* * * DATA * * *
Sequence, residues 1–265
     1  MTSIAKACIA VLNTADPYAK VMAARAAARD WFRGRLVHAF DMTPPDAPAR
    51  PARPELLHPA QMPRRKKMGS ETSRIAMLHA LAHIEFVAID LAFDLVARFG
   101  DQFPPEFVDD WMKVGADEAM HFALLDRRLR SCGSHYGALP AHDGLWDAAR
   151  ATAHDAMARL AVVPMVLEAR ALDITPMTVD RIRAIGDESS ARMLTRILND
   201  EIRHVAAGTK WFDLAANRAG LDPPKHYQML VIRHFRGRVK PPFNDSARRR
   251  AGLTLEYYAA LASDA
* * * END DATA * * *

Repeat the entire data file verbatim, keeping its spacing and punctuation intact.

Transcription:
Sequence, residues 1–265
     1  MTSIAKACIA VLNTADPYAK VMAARAAARD WFRGRLVHAF DMTPPDAPAR
    51  PARPELLHPA QMPRRKKMGS ETSRIAMLHA LAHIEFVAID LAFDLVARFG
   101  DQFPPEFVDD WMKVGADEAM HFALLDRRLR SCGSHYGALP AHDGLWDAAR
   151  ATAHDAMARL AVVPMVLEAR ALDITPMTVD RIRAIGDESS ARMLTRILND
   201  EIRHVAAGTK WFDLAANRAG LDPPKHYQML VIRHFRGRVK PPFNDSARRR
   251  AGLTLEYYAA LASDA